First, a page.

To clarify the merits of various surgical approaches, we studied the outcome after composite valve graft versus separate valve and graft replacement versus conservative valve treatment with replacement of the ascending aorta in patients with acute type A aortic dissection complicated by aortic regurgitation.Between 1967 and 1999, 123 patients (mean age 56 +/- 15 years) underwent composite valve graft replacement (n = 21), separate valve and graft replacement (n = 20), or conservative valve treatment (n = 82 [commissural resuspension in 46]); follow-up averaged 6.5 years (95% complete).The 30-day, 1-year, and 6-year survival estimates of 85% +/- 4%, 79% +/- 5%, and 69% +/- 5% (+/-1 standard error of mean), respectively, after conservative valve treatment were similar to 86% +/- 8%, 81% +/- 9%, and 65% +/- 16%, respectively, with composite valve graft replacement and better (but insignificantly so) than 70% +/- 10%, 70% +/- 10%, and 45% +/- 11%, respectively, with separate valve and graft replacement. The 6-year freedom from proximal reoperation was 95% +/- 3%, 89% +/- 10%, and 100% in conservative valve graft, separate valve and graft, and composite valve graft subgroups, respectively (P = not significant). Cox regression multivariable analysis identified that previous sternotomy (hazard ratio [or e(beta)] 95% confidence interval 1.4-10.9, P =.006), hypertension (0.99-2.9, P =.05), cardiac tamponade (1.1-4.0, P =.03), and stroke (1.7-7.0, P =.001) increased the hazard of death. No factors predicting a higher likelihood of late proximal reoperation were identified.In patients with acute type A aortic dissection and aortic regurgitation, there was no significant difference in overall survival or reoperation rates among these surgical approaches. We try to save the valve whenever possible unless the aortic root is pathologically dilated (eg, Marfan syndrome or annuloaortic ectasia) or destroyed by the dissection process, when composite valve graft or valve-sparing aortic root replacement is indicated.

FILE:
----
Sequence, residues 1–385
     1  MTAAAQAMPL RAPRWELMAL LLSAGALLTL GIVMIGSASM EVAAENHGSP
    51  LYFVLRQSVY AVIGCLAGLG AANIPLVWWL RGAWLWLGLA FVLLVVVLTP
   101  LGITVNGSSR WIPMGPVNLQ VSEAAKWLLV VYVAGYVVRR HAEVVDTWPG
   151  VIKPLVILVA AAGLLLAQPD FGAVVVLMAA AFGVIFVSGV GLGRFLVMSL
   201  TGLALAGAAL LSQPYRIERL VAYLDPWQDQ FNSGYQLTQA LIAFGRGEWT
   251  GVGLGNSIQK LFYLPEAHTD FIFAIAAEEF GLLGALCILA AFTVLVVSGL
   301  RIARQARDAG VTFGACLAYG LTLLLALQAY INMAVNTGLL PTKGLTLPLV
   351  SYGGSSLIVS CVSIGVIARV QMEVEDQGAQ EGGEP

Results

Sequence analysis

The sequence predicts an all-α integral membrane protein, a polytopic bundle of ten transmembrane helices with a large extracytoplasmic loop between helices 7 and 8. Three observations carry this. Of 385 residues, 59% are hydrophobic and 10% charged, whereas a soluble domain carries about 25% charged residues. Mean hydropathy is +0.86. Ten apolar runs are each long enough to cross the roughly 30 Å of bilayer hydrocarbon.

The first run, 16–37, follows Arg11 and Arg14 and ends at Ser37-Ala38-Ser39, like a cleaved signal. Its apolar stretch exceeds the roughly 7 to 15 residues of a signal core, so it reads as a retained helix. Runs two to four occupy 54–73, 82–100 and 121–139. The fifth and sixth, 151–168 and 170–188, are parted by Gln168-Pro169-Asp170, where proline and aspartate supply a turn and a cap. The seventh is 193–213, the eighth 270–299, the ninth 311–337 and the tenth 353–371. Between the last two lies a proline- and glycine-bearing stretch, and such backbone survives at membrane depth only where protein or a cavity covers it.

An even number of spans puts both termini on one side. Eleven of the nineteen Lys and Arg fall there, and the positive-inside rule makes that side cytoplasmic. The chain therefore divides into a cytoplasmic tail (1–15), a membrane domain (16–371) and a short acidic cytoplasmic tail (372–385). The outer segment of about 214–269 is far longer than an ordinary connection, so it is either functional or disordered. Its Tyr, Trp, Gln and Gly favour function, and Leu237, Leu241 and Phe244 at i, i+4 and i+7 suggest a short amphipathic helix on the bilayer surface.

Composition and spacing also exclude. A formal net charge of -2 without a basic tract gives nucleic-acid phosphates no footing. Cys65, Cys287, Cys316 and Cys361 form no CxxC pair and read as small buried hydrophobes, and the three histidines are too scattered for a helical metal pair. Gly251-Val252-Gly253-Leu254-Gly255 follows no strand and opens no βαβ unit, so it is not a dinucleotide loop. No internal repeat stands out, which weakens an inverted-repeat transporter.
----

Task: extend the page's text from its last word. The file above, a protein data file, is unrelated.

View details for DOI 10.1016/S0022-5223(03)01279-0
View details for Web of Science ID 000187560400047
View details for PubMedID 14688716